Last night the City of Salem held a second open house on the Downtown Streetscape project.
I came away enthused about emerging ideas for improving the downtown area, but in an advance post about the meeting the Breakfast on Bikes blogger encapsulated the Big Problem with this project:
The second Open House for the Downtown Streetscape project starts tomorrow, Tuesday the 13th, at 5:30pm.
The project team hasn't published any new materials, so there's not much to say yet - other than to continue to push the City for changes to carspace. Until we grapple with the disproportion and zoominess of carspace downtown, our fiddling with the sidewalks will be cosmetic, principally rearranging the deck chairs. This may yield incremental improvement, but it will not yield the enduring, structural change we need.
A secular Amen to that!
Below you'll see photos of part of the slide presentation made by the Walker Macy project consultants, plus photos of the boards scattered around the room where attendees could put orange dots to indicate what streetscape options they liked the most.
In my comments I'm going to focus on the "carspace" issue noted above, because the overarching problem with downtown Salem is the excessive amount of space devoted to three and four-lane one-way streets, which gives the Historic District an overly freeway'ish feel.
Note the "Focus on pedestrians."
Exactly nobody, from what I can tell, has said We want more cars downtown. After all, cars don't shop, eat at restaurants, or do any other of the things downtown offers. Only people on foot do, pedestrians. Yet as noted above, cars and the streets they drive on consume an inordinate amount of downtown space.
Otherwise, the recommendations speak for themselves. They seem rather obvious, but there's nothing wrong with pointing out obviousness, since often simple good ideas fail to get the attention they deserve because they're, well, so obvious.
Here's more of what the consultants heard. Consistency is a point worth emphasizing. There's a mash-mash of benches, trash cans, tree grates, and such on downtown sidewalks. Creating a consistent look would go a long way toward making the area more attractive.
This slide was used to show Salem's connection to highly productive farmland and beautiful natural areas. Not surprisingly, the consultants said agriculture and nature should be reflected in downtown streetscape themes.
Here's another obvious point that is good to keep in mind. Local retailers rely on sidewalk activity, while national retailers need limited sidewalk activity. So putting pedestrians front and center above vehicles is going to help local businesses most -- which should be the streetscape goal.
Here's an example sidewalk. It looks appealing.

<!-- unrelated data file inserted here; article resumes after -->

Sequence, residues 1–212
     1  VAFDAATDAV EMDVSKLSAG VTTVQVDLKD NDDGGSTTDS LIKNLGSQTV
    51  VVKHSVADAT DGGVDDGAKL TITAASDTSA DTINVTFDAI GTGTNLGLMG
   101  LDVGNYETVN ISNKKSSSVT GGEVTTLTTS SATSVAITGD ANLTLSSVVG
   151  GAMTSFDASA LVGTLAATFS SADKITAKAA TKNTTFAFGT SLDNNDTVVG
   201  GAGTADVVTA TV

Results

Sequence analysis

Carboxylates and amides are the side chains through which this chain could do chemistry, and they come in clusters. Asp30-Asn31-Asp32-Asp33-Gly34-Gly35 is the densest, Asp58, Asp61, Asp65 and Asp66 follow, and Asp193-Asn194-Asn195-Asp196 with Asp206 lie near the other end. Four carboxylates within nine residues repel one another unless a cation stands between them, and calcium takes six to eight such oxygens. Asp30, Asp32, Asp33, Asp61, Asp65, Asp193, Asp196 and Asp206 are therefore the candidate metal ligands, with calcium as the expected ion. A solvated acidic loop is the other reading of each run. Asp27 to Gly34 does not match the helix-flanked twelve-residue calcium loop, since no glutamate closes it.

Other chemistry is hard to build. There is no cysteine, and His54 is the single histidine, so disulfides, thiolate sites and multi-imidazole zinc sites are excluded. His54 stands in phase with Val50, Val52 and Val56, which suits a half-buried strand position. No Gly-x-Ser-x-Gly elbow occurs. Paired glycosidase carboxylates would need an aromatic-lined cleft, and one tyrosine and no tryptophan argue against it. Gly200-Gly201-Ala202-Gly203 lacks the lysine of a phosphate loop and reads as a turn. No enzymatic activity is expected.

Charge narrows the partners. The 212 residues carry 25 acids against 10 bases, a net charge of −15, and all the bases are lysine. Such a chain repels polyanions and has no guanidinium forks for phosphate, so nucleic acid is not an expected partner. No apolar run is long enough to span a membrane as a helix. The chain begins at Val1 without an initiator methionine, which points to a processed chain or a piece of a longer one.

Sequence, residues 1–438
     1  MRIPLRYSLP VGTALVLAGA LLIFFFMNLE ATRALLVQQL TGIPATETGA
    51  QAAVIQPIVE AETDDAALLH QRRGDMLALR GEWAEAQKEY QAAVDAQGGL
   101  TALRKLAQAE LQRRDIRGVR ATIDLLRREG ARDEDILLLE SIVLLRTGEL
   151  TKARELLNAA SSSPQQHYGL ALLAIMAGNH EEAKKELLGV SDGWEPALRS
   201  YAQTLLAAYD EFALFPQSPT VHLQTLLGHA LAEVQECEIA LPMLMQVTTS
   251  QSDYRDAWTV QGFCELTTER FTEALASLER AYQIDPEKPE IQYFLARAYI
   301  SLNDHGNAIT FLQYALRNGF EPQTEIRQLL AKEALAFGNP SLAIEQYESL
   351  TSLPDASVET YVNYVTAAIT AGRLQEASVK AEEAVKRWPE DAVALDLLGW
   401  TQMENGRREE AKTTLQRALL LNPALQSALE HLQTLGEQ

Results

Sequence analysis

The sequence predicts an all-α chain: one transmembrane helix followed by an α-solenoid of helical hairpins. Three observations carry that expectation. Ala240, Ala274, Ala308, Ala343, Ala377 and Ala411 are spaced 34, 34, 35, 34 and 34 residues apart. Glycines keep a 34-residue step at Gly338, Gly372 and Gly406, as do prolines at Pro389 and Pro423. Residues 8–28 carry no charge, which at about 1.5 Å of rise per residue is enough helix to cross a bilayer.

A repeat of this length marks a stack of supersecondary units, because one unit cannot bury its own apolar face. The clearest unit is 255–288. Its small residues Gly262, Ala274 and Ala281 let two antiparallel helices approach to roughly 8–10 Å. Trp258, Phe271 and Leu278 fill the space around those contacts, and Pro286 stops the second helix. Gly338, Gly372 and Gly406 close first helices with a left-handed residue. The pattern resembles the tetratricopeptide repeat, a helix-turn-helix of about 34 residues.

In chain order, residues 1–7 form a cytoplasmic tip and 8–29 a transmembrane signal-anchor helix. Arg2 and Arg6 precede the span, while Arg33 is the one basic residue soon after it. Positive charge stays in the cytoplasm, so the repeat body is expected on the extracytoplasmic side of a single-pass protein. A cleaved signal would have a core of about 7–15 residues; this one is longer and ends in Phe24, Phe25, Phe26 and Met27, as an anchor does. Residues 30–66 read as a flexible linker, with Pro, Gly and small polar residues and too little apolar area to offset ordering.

There aren't any "sandwich boards" cluttering up the sidewalk, as currently is the case around Liberty and Court streets. Plantings provide a buffer between people and cars. Sidewalk table seating is adjacent to the business/restaurant, rather than next to the street. All good ideas.
This slide is of Sisters in central Oregon, which recently had a makeover on its main streets. Natural plantings now make Sisters much more attractive. What the consultants didn't mention is that Sisters has two-lane, two-way streets, even though "Main Street" is a state highway.
Traffic crawls along at 20-25 mph or less, which makes being a pedestrian in this charming town wonderfully pleasant. Salem has a lot more to learn from Sisters than just its plantings. People flock to Sisters because it is people-friendly, not autocentric.
This slide shows how adding trees to State and Court streets creates a sort of natural connectivity between downtown and Riverfront Park to the west, and the Capitol/Willamette University to the east.
Of course, when I saw this image I couldn't help but think of how City officials allowed the five large, beautiful, healthy Japanese Zelkova trees to be cut down for no good reason in 2013, after the Public Works Director, Peter Fernandez, made an outrageous backroom deal with the U.S. Bank president, Ryan Allbritton, to have the trees removed.
(Yeah, I've mentioned this before on my blogs, and I'm going to keep on mentioning it until the City of Salem forthrightly addresses what Fernandez did, and makes sure nothing like this ever happens again.)
This board shows some Social Spaces streetscape examples.
You can see that each of the ideas got many orange spots on the "I like" side, aside from a few people who didn't like the idea of using some spaces for parklets. Note how many people can enjoy a few parking spaces that otherwise would have an empty car sitting in them.
Having more planted areas and lighting downtown got a lot of sticker love. Again, that wide sidewalk in the image on the left would be much more feasible if more downtown streets were two-lane and two-way. Lots of plantings and lots of lanes work against each other.
Here's the Knit Downtown Together board. Again, more trees, a clear unobstructed walking zone, consistency and creativity in the streetscape design. All laudable goals -- which would be easier to achieve if the sidewalks were wider and the streets were narrower.